Speaking of Education
In 2001, when APA hosted its first Education Leadership Conference (ELC), participants developed a vision for education in psychology for the 21st century. They acknowledged our increasingly global society, the growth of psychology around the world and the increased emphasis on global learning in higher education. They also asserted psychology's need to stay current with such trends or risk being marginalized as a discipline and profession.
Among other recommendations, they called for efforts to internationalize psychology's curriculum, ensure training in culturally competent research and practice, promote international exchange programs, consider reinstituting curriculum language requirements, include migration/immigration in discussions of diversity, address international issues in relevant standards for education and training, and facilitate faculty development.
"International awareness" has now been approved by APA's Council of Representatives as a goal for the undergraduate major in psychology (see APA Guidelines for the Undergraduate Psychology Major), and a 2004 collaboration with the American Council on Education described goals and student learning outcomes in five domains: psychological knowledge in international perspective, methodological issues in international research, discipline of psychology in the international perspective, psychology and interpersonal understanding, and psychology and global issues (APA Working Group on Internationalizing the Undergraduate Psychology Curriculum). In reviewing that work, the Board of Educational Affairs (BEA) and the Committee on International Relations in Psychology (CIRP) are considering next steps. BEA and CIRP are also collaborating on a task force examining what roles and functions APA might take with respect to international quality assurance efforts.
Although graduate education has been less systematically addressed, the recent International Counseling Psychology Conference, March 6-9 in Chicago, provided a significant focus on that specialty in psychology, and of course many APA members have engaged in research, practice and policy development to further internationalization. Our Office of International Affairs, Div. 2 (Society for the Teaching of Psychology) and Div. 52 (International) provide considerable resources for our members on related topics.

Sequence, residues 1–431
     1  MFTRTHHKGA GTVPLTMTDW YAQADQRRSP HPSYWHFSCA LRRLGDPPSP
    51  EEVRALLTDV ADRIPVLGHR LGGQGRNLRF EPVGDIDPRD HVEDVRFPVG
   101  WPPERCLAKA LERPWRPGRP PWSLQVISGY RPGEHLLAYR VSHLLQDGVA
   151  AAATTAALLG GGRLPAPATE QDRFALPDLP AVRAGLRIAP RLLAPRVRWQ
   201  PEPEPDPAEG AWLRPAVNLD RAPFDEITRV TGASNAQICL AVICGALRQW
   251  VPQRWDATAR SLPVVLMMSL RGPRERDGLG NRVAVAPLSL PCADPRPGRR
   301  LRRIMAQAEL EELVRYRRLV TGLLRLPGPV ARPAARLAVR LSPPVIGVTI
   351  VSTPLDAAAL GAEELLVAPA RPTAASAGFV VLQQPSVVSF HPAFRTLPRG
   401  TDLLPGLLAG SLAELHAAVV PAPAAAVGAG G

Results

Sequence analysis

But APA's efforts to internationalize in education are not new. In fact, APA published "International Opportunities for Advanced Training and Research in Psychology" more than 40 years ago describing opportunities in 77 countries in an effort undertaken because of growing interest "particularly evident since 1945" given improvements in travel and communications and the growth of psychology itself. Yet study abroad is only one method of internationalizing the curriculum. With the Web and distance-learning programs have come a host of new opportunities.
This year's ELC, set for Sept. 6-9, in Washington, D.C., will bring these issues front and center with its theme of "internationalizing psychology education." ELC participants will address:
The difficulty psychologists face in staying current with the research if they have no training in methodologies required for reading international research--an increasingly growing proportion of the psychological literature. What basic competencies in qualitative methodologies are required, and how are we to teach them in the context of psychology's current curriculum?
The emerging single global marketplace for health care. Medical educators have been urged to include global health competencies in the preparation of all physicians. What should a well-trained psychologist know about intergroup conflict, health risks and risks to the environment?
The increasing number of international students on U.S. campuses (582,984 in 2006-07, of whom 8,307 were studying psychology, according to the Institute for International Education). What issues should faculty attend to, and what do our departments and counseling centers have to offer these students?
The internationalization and multicultural education movements on campus, which have many shared values but diverging histories and, sometimes, agendas. What issues need to be addressed to bridge the gap?
In addition to their dialogues on these matters, I will listen closely to how our education leaders see psychology's evolution. Is the goal the internationalization of the U.S. curriculum, or the creation of a transnational curriculum in psychology, or both? The upcoming conference is not designed to address the creation of a transnational psychology curriculum, but I am always wondering about implications and next steps. I know these questions are being raised in other disciplines and professions as the world flattens.
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